Angelica consents to XYZ Solutions Pty Ltd (XYZ) (an accredited person) collecting her CDR data from Bright Spark Electricity (Bright Spark) (a data holder) and using that data for the purpose of providing Angelica with recommendations for various energy products.
Angelica has previously spoken with Bright Spark employee, Bert, about energy products offered by Bright Spark and been mistakenly advised that she has made an overpayment on her energy account, when she has not actually made an overpayment. Bert had recorded, as part of Angelica’s CDR data, that Angelica has made an overpayment on her energy account.
If Angelica requests that XYZ or Bright Spark correct her CDR data, the entity may include a qualifying statement with the data that Angelica has not made an overpayment on her energy account. Alternatively, the entity may delete or alter the relevant part of the data to make clear that Angelica has not made an overpayment on her energy account. If any one of these actions was taken, the data would no longer be inaccurate or misleading.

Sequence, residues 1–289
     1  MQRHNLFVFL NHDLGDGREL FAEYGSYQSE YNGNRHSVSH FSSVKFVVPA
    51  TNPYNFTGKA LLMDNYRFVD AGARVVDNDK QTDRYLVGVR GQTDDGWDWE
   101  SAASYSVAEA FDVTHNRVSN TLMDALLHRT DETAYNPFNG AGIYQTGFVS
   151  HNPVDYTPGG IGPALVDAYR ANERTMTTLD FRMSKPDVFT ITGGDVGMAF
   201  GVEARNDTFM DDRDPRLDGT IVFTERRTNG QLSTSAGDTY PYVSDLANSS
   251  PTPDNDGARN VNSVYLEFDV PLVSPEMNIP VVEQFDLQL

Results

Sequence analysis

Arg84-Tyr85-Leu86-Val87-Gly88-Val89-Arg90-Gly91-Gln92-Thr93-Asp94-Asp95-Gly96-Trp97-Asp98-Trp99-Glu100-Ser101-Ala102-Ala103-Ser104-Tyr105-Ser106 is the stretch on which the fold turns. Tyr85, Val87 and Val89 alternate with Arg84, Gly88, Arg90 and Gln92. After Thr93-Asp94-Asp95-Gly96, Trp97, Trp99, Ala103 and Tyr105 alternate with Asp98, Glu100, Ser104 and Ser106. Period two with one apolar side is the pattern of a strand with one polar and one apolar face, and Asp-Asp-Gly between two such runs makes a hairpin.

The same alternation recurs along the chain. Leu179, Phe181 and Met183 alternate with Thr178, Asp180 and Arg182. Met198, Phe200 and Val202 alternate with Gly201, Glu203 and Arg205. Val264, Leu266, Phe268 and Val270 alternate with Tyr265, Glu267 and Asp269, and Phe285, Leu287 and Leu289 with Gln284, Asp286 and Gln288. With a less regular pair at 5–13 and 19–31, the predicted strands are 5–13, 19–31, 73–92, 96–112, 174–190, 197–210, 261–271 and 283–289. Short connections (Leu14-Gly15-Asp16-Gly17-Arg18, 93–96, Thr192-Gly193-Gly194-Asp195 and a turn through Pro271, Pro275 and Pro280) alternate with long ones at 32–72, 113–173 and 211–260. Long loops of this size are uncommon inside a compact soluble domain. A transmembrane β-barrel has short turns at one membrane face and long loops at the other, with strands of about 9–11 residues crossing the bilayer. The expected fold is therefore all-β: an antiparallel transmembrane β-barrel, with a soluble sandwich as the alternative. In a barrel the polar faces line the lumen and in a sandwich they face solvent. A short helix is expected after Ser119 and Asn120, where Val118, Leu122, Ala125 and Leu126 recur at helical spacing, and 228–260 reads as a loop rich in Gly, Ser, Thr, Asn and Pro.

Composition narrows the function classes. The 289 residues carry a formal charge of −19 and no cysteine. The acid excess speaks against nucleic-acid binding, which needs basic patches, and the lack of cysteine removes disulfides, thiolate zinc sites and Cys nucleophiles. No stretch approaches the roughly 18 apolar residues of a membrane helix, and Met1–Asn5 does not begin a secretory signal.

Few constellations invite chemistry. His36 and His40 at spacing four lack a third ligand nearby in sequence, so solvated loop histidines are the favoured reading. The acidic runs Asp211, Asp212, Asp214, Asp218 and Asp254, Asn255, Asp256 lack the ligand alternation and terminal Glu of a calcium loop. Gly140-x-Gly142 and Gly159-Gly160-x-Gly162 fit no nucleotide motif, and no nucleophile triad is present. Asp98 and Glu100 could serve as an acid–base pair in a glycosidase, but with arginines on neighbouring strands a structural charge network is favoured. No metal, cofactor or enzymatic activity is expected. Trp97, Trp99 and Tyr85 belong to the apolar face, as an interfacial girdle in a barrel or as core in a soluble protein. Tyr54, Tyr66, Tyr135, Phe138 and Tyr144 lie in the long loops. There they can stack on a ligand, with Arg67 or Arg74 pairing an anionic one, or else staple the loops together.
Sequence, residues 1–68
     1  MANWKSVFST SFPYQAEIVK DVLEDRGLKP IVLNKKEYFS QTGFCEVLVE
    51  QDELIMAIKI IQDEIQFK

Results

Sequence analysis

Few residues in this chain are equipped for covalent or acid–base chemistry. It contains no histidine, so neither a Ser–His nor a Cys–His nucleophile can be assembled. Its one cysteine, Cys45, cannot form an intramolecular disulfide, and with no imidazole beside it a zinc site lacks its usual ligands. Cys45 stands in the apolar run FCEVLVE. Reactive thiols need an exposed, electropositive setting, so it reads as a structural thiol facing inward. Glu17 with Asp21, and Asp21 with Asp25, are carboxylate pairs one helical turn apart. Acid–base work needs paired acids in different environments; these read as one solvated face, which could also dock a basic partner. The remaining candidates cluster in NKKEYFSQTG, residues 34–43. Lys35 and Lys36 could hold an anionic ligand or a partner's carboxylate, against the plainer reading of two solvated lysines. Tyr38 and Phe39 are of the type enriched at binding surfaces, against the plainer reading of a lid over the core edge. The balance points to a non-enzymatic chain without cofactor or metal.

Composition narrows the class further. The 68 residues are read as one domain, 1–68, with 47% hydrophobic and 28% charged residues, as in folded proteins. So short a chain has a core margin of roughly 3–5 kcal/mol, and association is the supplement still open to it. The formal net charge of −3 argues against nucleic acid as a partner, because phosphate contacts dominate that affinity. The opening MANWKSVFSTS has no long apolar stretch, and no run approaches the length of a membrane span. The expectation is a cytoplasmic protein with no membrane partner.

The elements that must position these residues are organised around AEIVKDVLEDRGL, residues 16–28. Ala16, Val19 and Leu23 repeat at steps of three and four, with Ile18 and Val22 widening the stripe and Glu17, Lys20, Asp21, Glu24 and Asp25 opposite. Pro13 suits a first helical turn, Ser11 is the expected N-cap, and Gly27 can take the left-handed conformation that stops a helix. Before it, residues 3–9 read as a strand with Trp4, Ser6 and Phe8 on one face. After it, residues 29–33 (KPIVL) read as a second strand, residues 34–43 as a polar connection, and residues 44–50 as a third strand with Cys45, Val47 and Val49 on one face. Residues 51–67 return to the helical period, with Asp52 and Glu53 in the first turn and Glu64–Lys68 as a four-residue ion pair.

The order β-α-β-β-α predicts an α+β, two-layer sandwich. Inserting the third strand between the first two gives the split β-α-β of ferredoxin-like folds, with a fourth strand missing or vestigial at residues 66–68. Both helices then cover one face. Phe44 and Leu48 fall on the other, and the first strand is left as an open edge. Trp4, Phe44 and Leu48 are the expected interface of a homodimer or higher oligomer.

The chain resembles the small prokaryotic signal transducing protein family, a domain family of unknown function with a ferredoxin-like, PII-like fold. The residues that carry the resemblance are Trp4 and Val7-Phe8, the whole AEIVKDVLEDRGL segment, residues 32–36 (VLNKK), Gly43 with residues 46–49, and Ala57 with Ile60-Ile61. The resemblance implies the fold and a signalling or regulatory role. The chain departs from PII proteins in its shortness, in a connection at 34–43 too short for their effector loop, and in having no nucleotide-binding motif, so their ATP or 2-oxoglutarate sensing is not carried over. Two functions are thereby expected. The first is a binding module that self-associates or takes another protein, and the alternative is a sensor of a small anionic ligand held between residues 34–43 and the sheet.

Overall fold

Charges to correct CDR data
13.57 Rule 7.14 of the CDR Rules prohibits an entity from charging a fee for responding to, or actioning, a request under Privacy Safeguard 13.
Interaction with other privacy safeguards
Privacy Safeguard 5
13.58 Privacy Safeguard 5 requires an accredited data recipient of CDR data to notify a consumer of the collection of their CDR data by updating the consumer’s dashboard.
13.59 Where an accredited person has collected CDR data, and then collects corrected CDR data after the data holder or accredited data recipient complies with the consumer’s requests to correct and disclose corrected data under Privacy Safeguards 11 and 13, the accredited person must notify that consumer under Privacy Safeguard 5 in respect of both collections.